Wednesday, October 12, 2005

Send in Kenman

You're a new party, trying to get the most out of your parliamentary numbers. Coalition negotiations are tricky, and the party trying to put together a government has a lot of experience.

So you send in the best negotiator you can find, someone with a reputation for toughness and strength under fire who knows parliament inside out and can maximise whatever small leverage you have.

Fanfare of trumpets. Spotlight falls on … Ken Mair.
Ken Mair? Don't get me wrong, nice guy. Came out of the navy, got jobs as a probation officer, social worker, got involved in protests, some clever, some just plain dumb, moved back to his tribal area in Whanganui just in time to stand shoulder to shoulder with Tariana Turia at Pakaitore.
But is Ken the best the Maori Party has got?

Matt McCarten fell out with some in the Maori Party over its strategy of chasing the party vote (he was right, they were wrong), but could still be available to once again carve out an accommodation with Labour. Laila Harre is another experienced political negotiator who could give the novices in the Maori Party a sense of what to ask for and what to set aside for another day.

But no, cousin Ken is the man. Meanwhile Tariana has regular tete a tete's with Don Brash, despite her party membership's disquiet about that direction.

Tariana's perverse strategy gives more leverage to Winston Peters, who experience shows is not going to do anything to advance any of the causes the Maori Party holds dear.

Te Tai Tokerau MP Hone Harawira put out a press release saying the party's that consultation hui "consistently expressed their confidence in us, the four Maori MPs, to deliver the best deal that we could for our people."

That sounds like religion, not politics. "Trust us, we know what we are doing."

Harawira said the party has three policy priorities: the Foreshore and Seabed Act, the constitutional status of the Treaty of Waitangi and preparation for next year's Maori option.

Earlier posts have discussed the foreshore and seabed. Might I also suggest the party's focus on the constitutional status of the Treaty of Waitangi may result in perverse outcomes.

Short version. This debate has been around a long time. Matiu Rata, who spent his political career working on this issue, backed by decades of debate and discussion within Ratana about what needed to be done, eventually succeeded in getting enough of the Treaty into legislation to give it force, in the right circumstances. But he came to the conclusion that it was a bad thing to "ratify" the Treaty or incorporate it fully into legislation. Any number of reasons, but one stands out. There is a political dimension to making the Treaty work in a real, practical way, which would be jeopardised by putting interpretation in the hands of judges.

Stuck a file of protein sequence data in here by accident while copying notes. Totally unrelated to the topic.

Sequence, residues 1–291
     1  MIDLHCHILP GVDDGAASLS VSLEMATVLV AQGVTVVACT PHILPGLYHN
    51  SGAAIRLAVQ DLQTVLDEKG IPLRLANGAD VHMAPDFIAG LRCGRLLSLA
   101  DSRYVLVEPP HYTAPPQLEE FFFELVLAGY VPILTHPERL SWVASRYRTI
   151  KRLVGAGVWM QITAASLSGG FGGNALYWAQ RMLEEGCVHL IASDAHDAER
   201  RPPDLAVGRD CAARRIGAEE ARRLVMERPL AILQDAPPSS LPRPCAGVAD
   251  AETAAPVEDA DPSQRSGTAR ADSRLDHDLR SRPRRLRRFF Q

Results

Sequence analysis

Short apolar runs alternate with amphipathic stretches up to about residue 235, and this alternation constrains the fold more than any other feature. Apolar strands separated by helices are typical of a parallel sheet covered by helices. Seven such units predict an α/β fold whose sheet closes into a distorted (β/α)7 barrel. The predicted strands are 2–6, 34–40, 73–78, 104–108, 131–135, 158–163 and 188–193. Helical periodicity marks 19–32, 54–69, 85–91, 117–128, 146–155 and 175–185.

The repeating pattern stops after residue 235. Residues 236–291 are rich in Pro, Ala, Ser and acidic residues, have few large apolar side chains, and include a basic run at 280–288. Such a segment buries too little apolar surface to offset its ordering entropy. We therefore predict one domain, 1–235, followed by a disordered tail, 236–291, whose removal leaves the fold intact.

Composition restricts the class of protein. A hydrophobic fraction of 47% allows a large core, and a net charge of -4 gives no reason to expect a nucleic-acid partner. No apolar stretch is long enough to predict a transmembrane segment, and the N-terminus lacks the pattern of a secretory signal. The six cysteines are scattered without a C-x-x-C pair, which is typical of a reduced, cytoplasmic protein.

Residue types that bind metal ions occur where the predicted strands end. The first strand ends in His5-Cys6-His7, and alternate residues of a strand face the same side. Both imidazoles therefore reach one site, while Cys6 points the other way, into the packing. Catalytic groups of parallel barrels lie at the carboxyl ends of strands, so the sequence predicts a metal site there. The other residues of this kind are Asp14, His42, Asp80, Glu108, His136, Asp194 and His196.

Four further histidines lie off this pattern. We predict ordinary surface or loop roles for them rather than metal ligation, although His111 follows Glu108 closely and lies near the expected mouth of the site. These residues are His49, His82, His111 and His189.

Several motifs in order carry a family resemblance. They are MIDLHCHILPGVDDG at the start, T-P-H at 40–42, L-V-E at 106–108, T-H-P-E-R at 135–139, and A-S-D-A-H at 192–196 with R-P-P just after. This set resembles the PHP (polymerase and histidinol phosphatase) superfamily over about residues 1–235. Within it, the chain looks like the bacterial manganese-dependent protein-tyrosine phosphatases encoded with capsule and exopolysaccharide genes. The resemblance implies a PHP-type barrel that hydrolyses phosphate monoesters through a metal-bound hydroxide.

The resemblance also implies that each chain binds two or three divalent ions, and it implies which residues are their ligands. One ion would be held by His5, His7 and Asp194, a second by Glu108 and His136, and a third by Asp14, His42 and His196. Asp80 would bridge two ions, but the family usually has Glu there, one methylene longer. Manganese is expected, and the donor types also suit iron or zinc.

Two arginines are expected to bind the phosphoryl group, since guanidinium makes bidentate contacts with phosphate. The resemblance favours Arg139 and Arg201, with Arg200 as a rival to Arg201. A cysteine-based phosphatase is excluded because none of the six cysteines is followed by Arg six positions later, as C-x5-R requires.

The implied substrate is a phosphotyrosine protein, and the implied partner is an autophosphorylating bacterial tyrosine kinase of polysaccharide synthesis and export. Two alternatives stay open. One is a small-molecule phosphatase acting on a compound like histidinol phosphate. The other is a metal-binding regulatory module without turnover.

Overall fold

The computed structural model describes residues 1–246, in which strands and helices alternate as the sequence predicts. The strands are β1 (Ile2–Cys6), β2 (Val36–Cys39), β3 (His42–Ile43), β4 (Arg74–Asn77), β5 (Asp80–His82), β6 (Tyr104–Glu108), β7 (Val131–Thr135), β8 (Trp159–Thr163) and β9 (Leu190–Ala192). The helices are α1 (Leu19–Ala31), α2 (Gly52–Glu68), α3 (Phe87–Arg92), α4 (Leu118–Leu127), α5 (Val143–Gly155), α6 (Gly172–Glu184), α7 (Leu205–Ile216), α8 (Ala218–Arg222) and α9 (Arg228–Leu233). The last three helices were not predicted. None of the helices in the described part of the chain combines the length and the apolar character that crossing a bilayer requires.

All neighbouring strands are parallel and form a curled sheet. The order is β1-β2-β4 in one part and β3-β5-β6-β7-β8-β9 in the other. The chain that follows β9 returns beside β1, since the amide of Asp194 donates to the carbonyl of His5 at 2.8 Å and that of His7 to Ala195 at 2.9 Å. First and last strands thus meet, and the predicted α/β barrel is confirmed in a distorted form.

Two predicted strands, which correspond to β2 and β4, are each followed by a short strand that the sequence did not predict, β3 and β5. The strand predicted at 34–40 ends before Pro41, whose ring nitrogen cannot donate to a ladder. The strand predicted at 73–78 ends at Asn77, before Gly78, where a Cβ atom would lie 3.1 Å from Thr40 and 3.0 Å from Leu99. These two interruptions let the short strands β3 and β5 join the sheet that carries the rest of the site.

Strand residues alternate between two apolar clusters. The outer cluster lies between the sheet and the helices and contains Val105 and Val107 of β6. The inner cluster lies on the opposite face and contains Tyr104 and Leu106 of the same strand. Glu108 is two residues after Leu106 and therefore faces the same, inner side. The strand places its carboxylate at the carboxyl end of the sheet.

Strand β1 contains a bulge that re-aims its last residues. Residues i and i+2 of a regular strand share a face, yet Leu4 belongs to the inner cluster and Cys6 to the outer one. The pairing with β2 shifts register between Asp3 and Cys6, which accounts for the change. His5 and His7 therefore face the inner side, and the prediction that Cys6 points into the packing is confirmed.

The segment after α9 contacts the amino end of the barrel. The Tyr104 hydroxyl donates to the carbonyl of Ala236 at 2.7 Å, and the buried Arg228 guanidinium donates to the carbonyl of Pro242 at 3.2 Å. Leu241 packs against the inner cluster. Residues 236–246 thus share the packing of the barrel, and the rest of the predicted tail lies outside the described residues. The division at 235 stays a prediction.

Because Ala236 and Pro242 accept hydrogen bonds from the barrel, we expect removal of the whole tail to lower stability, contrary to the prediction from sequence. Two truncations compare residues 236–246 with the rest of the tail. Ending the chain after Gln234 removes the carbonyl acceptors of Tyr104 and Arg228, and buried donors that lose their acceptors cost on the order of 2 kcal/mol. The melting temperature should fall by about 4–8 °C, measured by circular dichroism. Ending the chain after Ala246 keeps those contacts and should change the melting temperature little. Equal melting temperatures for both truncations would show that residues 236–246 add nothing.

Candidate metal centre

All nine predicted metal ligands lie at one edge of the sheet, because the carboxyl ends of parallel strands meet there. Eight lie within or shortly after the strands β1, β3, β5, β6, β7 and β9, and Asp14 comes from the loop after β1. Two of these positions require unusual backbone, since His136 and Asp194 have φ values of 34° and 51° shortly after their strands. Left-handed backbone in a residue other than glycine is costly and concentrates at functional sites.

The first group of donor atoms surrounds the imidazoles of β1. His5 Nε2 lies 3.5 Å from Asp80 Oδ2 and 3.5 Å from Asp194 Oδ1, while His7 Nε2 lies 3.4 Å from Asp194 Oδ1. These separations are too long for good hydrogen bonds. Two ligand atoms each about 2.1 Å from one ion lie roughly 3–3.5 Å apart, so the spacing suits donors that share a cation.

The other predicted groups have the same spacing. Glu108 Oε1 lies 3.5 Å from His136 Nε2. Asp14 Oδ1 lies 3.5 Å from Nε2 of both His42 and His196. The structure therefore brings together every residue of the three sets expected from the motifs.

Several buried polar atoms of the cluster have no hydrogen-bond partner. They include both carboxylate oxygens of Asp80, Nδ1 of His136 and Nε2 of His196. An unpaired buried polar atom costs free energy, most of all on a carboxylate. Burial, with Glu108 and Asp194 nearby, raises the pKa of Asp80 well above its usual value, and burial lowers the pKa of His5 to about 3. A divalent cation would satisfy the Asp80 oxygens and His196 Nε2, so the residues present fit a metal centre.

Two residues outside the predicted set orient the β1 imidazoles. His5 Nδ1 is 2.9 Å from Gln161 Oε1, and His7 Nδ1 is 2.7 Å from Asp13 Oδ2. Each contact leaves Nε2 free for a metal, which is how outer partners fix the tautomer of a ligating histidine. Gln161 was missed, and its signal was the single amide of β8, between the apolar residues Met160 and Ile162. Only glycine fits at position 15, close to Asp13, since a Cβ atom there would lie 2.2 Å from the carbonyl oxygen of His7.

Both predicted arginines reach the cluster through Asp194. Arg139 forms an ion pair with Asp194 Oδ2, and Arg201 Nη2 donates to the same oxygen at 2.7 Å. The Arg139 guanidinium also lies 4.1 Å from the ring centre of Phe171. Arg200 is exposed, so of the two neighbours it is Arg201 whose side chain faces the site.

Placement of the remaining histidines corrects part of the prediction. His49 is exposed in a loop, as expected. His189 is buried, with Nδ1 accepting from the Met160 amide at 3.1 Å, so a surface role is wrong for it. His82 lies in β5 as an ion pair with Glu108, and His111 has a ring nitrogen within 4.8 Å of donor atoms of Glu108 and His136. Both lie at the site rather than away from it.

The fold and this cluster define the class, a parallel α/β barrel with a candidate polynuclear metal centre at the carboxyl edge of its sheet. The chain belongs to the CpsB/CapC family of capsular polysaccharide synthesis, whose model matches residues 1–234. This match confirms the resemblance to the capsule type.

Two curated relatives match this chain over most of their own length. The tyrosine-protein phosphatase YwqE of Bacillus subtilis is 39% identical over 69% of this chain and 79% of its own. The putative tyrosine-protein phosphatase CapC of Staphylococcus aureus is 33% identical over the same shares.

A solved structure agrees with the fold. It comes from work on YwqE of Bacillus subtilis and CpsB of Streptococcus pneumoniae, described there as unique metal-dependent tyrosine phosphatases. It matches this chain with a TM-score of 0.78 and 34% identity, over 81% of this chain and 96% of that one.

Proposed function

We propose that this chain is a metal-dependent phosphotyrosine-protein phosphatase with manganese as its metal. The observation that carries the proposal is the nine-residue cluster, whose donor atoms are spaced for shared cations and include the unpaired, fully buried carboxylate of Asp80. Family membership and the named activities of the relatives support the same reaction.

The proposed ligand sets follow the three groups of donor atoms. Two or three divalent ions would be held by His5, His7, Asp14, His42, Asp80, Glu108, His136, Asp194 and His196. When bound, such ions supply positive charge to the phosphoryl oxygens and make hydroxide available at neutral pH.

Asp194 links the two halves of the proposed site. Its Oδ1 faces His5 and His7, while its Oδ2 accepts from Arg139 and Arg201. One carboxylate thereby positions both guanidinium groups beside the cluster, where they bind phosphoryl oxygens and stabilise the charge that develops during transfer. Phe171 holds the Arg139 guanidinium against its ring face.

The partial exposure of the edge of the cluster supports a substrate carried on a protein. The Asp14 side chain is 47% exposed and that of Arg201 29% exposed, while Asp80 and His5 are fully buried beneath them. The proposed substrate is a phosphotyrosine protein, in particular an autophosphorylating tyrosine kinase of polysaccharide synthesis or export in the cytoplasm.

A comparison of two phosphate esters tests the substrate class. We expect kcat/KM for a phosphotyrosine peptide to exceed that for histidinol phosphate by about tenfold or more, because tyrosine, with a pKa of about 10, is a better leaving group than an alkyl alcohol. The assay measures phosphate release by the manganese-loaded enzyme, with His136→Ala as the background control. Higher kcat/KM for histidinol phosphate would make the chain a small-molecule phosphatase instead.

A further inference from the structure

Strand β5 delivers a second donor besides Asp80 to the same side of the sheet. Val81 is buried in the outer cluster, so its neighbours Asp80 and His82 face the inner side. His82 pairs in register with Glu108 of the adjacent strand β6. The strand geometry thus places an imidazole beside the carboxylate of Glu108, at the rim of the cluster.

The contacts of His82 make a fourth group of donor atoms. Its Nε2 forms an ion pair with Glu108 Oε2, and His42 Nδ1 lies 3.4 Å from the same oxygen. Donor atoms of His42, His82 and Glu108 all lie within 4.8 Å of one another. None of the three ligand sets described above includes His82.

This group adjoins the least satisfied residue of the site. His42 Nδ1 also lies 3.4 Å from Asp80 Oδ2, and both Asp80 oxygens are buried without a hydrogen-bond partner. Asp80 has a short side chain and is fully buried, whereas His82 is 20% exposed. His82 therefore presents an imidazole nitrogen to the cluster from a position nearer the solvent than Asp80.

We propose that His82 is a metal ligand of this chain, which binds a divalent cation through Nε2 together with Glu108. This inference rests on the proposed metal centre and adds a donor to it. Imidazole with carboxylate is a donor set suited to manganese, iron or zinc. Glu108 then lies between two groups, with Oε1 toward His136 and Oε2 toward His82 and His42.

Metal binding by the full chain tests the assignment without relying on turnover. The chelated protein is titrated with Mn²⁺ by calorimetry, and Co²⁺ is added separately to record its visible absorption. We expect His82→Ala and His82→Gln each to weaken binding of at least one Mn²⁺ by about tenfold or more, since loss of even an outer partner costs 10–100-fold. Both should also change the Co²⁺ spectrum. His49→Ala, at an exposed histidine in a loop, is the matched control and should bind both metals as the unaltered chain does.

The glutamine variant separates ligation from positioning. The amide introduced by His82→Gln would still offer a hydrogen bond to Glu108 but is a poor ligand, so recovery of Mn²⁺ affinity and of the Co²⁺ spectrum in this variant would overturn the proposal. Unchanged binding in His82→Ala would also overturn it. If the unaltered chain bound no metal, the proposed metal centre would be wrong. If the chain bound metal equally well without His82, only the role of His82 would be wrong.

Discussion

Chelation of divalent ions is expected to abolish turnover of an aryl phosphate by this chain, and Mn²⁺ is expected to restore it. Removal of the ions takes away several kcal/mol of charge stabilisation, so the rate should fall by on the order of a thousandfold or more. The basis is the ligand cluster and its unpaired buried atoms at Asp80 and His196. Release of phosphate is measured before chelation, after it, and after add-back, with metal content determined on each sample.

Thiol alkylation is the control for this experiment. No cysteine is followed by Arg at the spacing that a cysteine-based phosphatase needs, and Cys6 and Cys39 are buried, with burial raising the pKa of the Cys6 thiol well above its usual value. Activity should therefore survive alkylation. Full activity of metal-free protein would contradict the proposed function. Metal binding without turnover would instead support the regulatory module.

The Waitangi Tribunal, a standing committee of inquiry including what should be some of the best Maori and Pakeha minds, is the body charged with advising parliament on how the Treaty should be interpreted. That is a system that works.

The relationship between the tribunal, the courts and parliament is evolving, but it is not broke.

Rather than grandstand, Harawira and his fellow Maori Party MPs should reread the words of Justice Cooke and his fellows in the Court of Appeal's 1988 judgment in NZ Maori Council v Attorney General 1988 - in fact it should be required reading for all new MPs and for Winston Peters, who keeps claiming no one knows what Treaty principles are.

(If anyone can find a link to the full judgment, I would appreciate it. Meantime, here is a link to a Waitangi Tribunal paper on Treaty principles.


Blogger Steve Kerr said...

The 1987 'lands case' judgement should be here:

Enjoying your pieces - keep it up!

9:45 AM  
Blogger Steve Kerr said...

This comment has been removed by a blog administrator.

9:46 AM  
Blogger sagenz said...

On the contrary Mair is doing an exceptional job of bluffing labour about Maori/National intentions. short term gain means nothing. If laila harre negotiated a support agreement, none of the Maori policies would be implemented anyway. When labour/Winston fall out the price for Maori party support will be higher.

9:27 PM  

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